Tirnaog: Cherry Orchard FC are known for producing good young players in the Dublin area and guys like Willow Flood and John Daly came through their ranks. What was your route into the professional game?

Darren O’Dea: ‘Yeh, Cherry Orchard are a fantastic club but I came from Home Farm which I'd say is arguably regarded as the best schoolboy club in Dublin if not Ireland. It was based on the opposite side of the city to me and twice a week I'd take a train into the city to meet my dad after his work and then He'd drive me to training from there.... I went on many trials with different clubs in England but on a pre-season tour with home farm we went to Scotland. There was a 4 team tournament in Largs with us, Celtic, Preston and a team from Newcastle (Wallsend possibly).... I played against Celtic and we beat them 2-0 and I bagged the 2 goals. It was after this I got invited over to the UEFA cup match against Blackburn and as we say the rest is history.’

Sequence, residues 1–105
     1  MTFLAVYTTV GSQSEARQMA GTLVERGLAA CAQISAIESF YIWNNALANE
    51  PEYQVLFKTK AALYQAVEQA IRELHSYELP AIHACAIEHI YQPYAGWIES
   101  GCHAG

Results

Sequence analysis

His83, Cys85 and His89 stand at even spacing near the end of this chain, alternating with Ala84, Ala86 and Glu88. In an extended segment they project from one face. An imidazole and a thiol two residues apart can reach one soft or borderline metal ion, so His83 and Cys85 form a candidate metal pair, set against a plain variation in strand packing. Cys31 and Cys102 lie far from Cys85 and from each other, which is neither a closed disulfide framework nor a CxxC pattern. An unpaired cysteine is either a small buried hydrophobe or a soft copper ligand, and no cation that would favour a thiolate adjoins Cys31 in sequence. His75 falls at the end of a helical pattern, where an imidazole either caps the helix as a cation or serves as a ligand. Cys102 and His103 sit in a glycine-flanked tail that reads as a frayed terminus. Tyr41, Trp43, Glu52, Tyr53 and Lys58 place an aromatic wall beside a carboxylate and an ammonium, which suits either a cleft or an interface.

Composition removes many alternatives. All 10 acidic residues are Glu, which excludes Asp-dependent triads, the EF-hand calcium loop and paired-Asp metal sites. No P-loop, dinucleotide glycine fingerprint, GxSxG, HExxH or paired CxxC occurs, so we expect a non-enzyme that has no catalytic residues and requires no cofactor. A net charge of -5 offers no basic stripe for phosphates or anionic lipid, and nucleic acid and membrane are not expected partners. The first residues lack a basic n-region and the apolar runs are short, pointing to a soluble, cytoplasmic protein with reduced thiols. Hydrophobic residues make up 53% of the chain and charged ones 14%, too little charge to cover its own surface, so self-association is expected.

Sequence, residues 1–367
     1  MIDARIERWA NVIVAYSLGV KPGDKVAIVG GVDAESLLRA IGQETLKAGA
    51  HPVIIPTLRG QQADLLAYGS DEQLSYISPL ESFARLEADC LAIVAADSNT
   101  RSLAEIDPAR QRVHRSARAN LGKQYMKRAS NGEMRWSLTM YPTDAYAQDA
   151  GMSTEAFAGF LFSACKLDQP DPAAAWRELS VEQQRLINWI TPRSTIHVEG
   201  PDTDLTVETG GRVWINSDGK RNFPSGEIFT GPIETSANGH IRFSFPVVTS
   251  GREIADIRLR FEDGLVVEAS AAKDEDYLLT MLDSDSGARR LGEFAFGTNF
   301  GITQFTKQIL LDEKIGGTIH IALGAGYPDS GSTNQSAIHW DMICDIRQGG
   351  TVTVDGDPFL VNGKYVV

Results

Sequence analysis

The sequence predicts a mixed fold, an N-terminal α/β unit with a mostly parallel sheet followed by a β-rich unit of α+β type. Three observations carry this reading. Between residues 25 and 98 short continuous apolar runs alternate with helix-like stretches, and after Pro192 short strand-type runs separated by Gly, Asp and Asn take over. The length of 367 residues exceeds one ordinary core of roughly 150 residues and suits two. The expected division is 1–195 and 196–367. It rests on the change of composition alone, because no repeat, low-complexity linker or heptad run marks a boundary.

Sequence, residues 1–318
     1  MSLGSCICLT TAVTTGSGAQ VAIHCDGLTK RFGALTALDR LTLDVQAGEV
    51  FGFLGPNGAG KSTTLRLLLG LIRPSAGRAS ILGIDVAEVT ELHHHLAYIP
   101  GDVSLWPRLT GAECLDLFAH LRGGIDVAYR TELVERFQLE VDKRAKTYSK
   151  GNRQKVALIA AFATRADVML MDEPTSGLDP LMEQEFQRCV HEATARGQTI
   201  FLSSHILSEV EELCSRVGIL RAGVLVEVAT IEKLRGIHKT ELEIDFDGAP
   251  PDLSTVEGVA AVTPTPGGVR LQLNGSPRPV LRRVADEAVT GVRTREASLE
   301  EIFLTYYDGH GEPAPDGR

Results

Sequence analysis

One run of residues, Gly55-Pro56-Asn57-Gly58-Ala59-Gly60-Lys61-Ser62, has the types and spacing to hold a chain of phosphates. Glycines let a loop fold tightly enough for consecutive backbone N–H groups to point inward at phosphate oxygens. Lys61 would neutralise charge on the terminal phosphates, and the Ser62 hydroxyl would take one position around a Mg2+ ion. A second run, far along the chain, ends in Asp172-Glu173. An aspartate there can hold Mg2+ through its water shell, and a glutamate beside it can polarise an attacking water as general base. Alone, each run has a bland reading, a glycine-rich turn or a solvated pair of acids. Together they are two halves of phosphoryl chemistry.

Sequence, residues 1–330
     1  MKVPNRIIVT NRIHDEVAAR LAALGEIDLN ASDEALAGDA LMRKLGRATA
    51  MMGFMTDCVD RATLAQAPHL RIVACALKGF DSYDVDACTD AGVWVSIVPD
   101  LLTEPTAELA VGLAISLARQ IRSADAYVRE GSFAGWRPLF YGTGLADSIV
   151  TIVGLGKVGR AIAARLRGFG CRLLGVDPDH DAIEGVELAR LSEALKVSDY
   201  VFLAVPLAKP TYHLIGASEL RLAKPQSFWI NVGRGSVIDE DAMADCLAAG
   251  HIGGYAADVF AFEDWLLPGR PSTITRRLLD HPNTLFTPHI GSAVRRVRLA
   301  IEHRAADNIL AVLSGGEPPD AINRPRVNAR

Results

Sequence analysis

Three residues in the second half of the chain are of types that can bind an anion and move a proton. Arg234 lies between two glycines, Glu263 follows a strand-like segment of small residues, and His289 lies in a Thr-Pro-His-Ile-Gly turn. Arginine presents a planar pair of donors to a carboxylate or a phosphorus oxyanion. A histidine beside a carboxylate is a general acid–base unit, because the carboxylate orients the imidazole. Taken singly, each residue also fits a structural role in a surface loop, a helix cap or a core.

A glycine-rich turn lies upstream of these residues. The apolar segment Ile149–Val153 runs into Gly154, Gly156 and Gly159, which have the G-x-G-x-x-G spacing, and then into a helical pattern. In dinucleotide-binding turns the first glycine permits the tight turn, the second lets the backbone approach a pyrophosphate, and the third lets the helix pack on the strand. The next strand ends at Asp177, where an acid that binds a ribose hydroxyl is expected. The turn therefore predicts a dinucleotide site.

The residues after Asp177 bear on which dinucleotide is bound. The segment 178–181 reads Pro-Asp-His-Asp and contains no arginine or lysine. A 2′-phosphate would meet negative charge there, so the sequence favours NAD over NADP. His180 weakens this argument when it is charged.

Tirnaog: You arrived in Glasgow as a 15 year old. How much of a culture shock was that to you and how did you cope?

Darren O’Dea: ‘Truthfully after my first 6 months I wanted to chuck it. This might sound very arrogant but I hated the matches we played in. We'd win 5 or 6 nil every match and it was no challenge. But the biggest struggle I had was just being away from home. This is when Tommy Burns became so pivotal in my life. He was obviously the guy who signed me but when I was young and struggling he was a guy that could lift you with just a 2 minute conversation. I remember speaking to my dad saying I wanted to leave and as far as I'm aware he rang Tommy to tell him. That night tommy was around my digs. He never mentioned he'd been speaking to my dad. He just came for a chat. By the time he'd left I was focused and ready to go again. Without him I wouldn't have got through the first couple of years there.’ 

Tirnaog: You played in the Celtic youth and Academy sides. Who were your contemporaries in those sides and how do you rate the football education you received at Celtic?